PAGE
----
12/17/2010

When being dominated is as necessary as breathing

This morning, as my husband prepared to leave for work, I rolled over and sleepily asked him, "Could you hold me and make me safe?"

I'm not sure why, but since my parents got divorced in my early 20s I've always felt safer if a man "squished" me, holding me tight so I can't move. Loose, half-hearted hugs just make me feel anxious and nervous---not safe at all. I want a man whose strong arms can embrace and protect me.

Normally in the mornings, I don't feel that needy. He crawled into bed and smashed me against him, asking if something was wrong.

"I feel sad... no... worried," I mumbled, not really sure what name to give the emotion I was feeling. Finally I murmured, "We didn't do anything dominating or submissive last night, so I don't feel safe."

And that was it. Some people do BDSM because it's fun, or kinky, or a change of pace. Others do it 24/7, because it's in the fabric of their being and simply who they are. Me, I engage in BDSM because it makes me feel safe, like someone is interested and invested enough in me to take the time to dominate me and make me his.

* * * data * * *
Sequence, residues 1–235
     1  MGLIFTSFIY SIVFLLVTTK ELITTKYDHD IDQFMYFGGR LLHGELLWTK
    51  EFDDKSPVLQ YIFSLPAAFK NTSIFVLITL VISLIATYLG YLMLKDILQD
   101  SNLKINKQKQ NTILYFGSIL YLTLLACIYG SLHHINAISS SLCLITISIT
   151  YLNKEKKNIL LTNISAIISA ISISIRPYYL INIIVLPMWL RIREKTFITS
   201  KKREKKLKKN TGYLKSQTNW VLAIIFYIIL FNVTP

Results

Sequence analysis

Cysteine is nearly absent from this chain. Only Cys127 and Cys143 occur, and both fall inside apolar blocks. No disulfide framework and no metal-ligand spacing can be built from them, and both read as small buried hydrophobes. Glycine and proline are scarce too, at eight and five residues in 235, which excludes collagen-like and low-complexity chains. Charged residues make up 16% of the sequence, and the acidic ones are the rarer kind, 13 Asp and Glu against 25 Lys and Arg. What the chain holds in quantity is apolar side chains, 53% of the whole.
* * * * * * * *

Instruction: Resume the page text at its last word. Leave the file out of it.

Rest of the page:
"Try not to worry about it," my husband said soothingly.

Even half asleep, I knew this wasn't a simple matter of not worrying about it. There are some things you can not worry about, and there are some things you need whether or not you try to worry about them. I could easily tell the drowning man to relax and "not worry about" his lack of air, but that wouldn't stop him from dying. That's how I feel about being dominated. I need it, not a physical need like air or water, but an emotional need, feeling safe and secure in my environment.